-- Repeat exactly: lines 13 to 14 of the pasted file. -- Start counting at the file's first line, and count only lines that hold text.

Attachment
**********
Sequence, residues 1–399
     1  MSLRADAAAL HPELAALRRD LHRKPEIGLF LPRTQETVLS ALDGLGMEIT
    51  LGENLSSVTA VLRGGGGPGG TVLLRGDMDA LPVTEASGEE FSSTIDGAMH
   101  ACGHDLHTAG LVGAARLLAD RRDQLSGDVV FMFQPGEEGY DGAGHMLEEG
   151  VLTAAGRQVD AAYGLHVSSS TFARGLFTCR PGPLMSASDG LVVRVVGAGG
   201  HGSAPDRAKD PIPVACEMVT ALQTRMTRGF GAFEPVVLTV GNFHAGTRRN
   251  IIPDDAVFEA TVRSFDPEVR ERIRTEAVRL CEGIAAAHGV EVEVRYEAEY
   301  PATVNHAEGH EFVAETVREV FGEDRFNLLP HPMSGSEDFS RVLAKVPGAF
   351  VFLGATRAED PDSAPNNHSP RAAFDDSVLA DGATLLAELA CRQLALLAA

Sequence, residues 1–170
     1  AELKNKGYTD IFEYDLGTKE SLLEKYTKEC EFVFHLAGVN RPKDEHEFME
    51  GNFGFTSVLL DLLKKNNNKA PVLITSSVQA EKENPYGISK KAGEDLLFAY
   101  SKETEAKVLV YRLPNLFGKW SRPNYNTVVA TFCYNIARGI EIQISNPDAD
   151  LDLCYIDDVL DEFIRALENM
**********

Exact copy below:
   101  SKETEAKVLV YRLPNLFGKW SRPNYNTVVA TFCYNIARGI EIQISNPDAD
   151  LDLCYIDDVL DEFIRALENM